Reservoir performance during waterflooding is important to reservoir engineers. Analytical and semi-analytical flow models with different assumptions have been presented and used widely to describe the flow dynamics of such a process. Most assume that one of the terms, typically capillary forces, can be neglected or considered constant diffusion coefficients, so the simplified diffusive-convective type of flow equations can be solved analytically or by numerical methods. Obtaining analytical or semi-analytical solutions to non-linear diffusive-convective flow equations, including capillary, gravity and viscous forces simultaneously, has been a challenge.
This paper presents a theoretical study of the effects that controlling flow parameters have on saturation profiles and breakthrough time during oil recovery by waterflooding. A mathematical non-linear diffusive-convective type model for immiscible oil-water displacement in one-dimensional vertical homogeneous porous media considering the three chief forces (capillary, gravity and viscous) is derived and solved numerically by using a finite-difference formulation with fully implicit scheme in time and central differences in space.
Dimensionless equations are written so that any of the three forces can be investigated independently; capillary and gravity forces can be "turned on or off." The effects of varying fluid viscosity, injection flow rate, system length or wettability, for both displacing and displaced fluids, can be understood thoroughly. The flow model is versatile enough that it allows for variations of the shape of the relative permeability and capillary pressure functions. The impact of these functions in the driving forces and on oil recovery is analyzed.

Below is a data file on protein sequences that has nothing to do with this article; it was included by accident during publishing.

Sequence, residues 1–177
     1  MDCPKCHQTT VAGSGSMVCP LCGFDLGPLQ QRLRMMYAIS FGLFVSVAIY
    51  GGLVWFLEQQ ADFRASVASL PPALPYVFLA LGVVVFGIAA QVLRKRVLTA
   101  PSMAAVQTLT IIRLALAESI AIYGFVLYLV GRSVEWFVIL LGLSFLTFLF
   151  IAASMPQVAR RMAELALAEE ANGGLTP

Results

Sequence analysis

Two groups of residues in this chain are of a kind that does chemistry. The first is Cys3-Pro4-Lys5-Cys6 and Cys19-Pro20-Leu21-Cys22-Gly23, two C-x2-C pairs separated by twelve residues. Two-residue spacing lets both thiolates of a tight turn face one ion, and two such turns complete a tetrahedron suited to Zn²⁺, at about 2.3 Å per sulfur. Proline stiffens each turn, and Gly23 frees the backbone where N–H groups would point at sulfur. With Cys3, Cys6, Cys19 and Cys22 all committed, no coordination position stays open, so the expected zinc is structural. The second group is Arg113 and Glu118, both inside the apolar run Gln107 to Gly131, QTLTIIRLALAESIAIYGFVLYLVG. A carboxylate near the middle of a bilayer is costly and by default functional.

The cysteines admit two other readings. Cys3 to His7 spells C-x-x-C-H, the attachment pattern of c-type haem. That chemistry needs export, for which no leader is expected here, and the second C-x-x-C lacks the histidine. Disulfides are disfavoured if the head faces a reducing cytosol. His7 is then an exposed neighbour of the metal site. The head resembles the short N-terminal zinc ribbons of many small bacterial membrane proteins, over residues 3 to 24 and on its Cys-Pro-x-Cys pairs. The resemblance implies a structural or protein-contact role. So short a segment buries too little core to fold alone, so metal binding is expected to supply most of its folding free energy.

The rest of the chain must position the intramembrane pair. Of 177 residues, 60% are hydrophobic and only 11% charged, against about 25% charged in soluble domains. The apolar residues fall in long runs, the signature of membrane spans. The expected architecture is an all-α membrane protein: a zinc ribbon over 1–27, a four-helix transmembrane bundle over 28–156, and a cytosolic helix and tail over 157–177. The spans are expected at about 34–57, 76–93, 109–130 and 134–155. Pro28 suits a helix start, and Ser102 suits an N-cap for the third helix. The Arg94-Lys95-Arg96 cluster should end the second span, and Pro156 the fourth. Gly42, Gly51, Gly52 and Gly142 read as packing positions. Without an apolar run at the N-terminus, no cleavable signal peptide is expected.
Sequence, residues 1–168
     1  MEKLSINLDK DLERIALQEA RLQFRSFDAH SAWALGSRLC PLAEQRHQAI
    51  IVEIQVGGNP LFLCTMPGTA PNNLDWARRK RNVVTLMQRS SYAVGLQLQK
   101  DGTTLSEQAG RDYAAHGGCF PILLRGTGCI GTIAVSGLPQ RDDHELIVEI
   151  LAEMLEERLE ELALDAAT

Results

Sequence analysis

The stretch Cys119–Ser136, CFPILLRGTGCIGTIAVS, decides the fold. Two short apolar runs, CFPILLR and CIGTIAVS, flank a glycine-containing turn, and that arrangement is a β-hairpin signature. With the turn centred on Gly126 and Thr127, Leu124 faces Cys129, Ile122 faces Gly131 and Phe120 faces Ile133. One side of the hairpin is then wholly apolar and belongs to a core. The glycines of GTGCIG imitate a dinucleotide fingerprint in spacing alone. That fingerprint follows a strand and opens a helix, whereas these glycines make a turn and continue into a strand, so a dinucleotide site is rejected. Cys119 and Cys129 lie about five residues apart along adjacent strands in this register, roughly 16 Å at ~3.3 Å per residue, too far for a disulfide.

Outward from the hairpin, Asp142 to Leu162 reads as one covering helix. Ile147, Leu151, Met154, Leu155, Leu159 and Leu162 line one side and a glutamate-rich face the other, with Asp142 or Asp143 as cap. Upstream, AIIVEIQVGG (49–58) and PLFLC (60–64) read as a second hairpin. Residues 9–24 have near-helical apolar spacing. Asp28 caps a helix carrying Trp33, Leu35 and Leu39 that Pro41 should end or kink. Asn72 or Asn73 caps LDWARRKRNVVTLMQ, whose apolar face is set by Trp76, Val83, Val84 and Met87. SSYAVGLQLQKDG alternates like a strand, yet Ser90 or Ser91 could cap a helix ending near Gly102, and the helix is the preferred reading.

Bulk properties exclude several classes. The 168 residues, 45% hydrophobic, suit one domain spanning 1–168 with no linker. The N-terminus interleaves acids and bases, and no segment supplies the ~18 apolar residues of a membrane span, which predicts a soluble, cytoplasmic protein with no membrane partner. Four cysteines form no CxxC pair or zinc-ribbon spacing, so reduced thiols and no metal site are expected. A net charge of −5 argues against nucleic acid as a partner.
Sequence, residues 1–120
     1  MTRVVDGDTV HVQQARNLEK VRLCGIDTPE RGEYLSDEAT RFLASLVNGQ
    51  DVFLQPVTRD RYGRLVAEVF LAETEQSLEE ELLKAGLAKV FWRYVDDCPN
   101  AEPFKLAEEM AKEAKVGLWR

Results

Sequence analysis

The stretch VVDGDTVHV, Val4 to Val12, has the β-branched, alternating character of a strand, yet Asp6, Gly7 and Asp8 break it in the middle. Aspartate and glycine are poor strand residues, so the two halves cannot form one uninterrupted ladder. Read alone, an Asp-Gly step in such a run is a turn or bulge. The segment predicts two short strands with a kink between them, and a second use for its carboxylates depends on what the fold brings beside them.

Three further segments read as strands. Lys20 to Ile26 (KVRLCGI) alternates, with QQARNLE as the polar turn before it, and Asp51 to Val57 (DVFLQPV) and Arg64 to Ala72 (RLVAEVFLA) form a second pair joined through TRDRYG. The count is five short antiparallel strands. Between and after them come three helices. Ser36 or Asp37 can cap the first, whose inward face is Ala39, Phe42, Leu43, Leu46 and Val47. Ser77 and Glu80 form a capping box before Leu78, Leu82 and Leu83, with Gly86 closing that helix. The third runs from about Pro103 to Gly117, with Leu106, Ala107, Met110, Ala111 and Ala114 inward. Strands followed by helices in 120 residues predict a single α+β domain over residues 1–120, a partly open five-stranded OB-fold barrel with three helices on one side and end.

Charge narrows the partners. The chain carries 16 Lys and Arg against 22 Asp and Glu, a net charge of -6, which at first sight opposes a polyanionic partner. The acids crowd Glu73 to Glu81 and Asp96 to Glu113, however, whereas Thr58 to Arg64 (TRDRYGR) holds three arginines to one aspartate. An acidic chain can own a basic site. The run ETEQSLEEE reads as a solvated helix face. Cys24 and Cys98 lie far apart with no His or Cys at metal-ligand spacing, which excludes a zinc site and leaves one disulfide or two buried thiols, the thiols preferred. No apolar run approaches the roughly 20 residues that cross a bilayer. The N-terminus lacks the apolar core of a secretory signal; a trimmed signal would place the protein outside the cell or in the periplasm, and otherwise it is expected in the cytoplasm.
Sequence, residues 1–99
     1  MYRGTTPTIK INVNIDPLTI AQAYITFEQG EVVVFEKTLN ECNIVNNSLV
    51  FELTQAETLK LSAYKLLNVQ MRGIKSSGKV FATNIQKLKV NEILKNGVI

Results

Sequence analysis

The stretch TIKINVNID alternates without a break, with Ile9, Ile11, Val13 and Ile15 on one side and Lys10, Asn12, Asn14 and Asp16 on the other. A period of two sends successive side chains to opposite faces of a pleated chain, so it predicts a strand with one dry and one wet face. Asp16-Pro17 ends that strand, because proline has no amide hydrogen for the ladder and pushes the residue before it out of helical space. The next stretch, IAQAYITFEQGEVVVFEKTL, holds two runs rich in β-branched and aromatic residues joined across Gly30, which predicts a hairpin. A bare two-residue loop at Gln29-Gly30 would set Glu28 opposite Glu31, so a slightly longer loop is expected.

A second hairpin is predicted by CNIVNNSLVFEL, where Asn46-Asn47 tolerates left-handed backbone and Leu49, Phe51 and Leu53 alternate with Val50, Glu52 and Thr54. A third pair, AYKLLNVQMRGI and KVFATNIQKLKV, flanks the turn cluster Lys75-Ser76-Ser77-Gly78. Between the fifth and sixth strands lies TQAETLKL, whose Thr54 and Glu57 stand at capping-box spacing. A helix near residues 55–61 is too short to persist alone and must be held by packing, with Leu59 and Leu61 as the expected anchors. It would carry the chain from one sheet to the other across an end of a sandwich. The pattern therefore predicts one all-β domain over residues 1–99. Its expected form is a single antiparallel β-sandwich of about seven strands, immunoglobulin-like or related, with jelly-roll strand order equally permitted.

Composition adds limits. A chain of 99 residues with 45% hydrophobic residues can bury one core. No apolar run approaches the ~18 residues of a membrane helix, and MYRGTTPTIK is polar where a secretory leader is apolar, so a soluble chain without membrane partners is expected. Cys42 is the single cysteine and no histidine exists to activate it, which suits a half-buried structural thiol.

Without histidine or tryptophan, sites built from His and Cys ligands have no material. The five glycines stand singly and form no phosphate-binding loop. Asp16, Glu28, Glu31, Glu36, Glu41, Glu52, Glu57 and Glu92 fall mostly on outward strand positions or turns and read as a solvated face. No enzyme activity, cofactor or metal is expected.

The contribution of each of the forces to the dimensionless water velocity and its impact on oil recovery was studied in four flow cases: viscous, viscous-gravity, viscous-capillary and viscous-gravity-capillary; all possible flow cases in water injection problems were considered. Graphical results are discussed.